Like the others in this series (The Annotated Wizard of Oz, The Annotated A Christmas Carol), this volume is beautifully illustrated and annotated with details that personalize the age-old tales, revealing original publishers names and themes, a behind-the-scenes peek at the historical background of those fairy tales we have loved since childhood.
In a very personal introduction, A.S. Byatt speaks of her own yearning for myth and fantasy as a young girl: talking birds, unicorns, princesses, imps and spun gold, hair cascading down the length of a turret. Byatt cautions us to remember the violent nature of the past and that the acceptance of violence was a part of everyday life; hence, the physical became part of the narrative, public hangings common to the times. The beauty of fairy tales is that limbs grow back and the sleeper awakens, once more alive.
The editor/translator has reassembled original Grimm stories in the order they were first seen by the public. There are the most familiar, Rapunzel, Cinderella, Little Red Riding Hood and The Golden Goose; but Tater goes even further, adding stories that were removed, most originally meant for adults, later considered too bawdy for the consumption of children. And Tater has another surprise in this volume: a biographical essay on the Grimm Brothers, their personal lives and political views, as well as the original prefaces.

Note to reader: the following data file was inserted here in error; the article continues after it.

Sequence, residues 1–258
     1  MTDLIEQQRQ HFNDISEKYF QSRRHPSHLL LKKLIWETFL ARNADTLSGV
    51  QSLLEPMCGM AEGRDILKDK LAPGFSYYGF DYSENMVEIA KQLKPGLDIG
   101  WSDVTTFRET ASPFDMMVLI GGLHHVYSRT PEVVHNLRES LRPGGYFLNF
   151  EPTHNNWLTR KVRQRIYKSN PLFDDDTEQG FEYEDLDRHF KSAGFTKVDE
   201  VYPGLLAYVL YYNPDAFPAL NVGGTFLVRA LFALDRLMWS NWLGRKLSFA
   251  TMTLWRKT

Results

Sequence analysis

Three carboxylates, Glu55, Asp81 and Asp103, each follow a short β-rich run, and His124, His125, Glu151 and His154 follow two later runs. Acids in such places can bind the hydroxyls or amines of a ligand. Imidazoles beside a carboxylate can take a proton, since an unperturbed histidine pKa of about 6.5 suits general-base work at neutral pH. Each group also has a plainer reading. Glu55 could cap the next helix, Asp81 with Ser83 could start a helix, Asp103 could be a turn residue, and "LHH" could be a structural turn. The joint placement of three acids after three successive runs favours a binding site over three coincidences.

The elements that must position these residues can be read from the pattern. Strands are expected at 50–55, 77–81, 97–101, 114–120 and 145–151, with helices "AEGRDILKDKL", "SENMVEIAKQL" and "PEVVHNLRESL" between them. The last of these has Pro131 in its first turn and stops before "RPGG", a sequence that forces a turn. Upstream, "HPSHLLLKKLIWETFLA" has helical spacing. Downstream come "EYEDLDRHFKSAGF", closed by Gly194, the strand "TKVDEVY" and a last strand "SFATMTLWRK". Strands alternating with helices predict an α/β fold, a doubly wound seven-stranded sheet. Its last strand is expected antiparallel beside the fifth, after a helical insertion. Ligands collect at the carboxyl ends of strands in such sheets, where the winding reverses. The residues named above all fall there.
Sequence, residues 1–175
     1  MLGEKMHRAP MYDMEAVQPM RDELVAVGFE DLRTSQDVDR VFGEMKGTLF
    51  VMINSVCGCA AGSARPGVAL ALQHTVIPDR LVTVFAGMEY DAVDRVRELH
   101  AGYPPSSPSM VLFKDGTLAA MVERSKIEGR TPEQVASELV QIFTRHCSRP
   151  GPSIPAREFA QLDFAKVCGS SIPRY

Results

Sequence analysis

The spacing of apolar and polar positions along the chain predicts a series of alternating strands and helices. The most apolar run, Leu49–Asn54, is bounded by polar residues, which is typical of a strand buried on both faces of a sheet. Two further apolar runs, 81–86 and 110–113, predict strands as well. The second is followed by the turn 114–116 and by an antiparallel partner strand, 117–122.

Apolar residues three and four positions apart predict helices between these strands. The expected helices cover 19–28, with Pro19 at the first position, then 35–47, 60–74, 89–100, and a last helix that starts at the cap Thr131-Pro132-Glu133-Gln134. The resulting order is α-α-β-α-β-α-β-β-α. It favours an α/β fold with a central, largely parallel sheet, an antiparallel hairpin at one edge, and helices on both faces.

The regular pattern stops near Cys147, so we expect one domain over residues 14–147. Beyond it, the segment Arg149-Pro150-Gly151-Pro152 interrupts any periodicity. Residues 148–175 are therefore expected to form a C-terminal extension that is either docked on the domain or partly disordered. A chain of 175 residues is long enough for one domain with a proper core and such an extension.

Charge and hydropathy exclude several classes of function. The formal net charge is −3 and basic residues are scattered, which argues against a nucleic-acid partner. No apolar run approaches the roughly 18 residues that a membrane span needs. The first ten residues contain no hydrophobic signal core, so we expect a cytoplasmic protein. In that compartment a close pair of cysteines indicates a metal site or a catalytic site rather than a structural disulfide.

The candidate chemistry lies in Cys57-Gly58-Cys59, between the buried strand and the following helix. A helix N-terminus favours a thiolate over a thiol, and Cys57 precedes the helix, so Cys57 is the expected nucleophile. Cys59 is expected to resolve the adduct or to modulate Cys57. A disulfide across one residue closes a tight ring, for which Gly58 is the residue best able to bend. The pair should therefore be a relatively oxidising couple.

This book is a treasure on many levels, the early appreciation of fantasy read as a child, the historical implications of those tales, the psychology that underlies the power of story and man's need for images to act great battles of good and evil. Far deeper than mere storytelling, the Tales of the Brothers Grimm are the sturm und drang of the German culture, powerful and political, pagan and pure, complex and simple. Cultural complications aside, this tome stimulates curiosity at every turn, the beginning of a great adventure even adults can enjoy.
These wonderful, familiar stories are brought to life by the exquisite illustrations, both black and white and full color, as well as the annotated remarks that add such flavor to the interpretation. A visual and intellectual treat, The Annotated Brothers Grimm is a feast of possibilities, fancies, fears and dreams. The impossible is possible. It is all a matter of imagination. Luan Gaines/2004.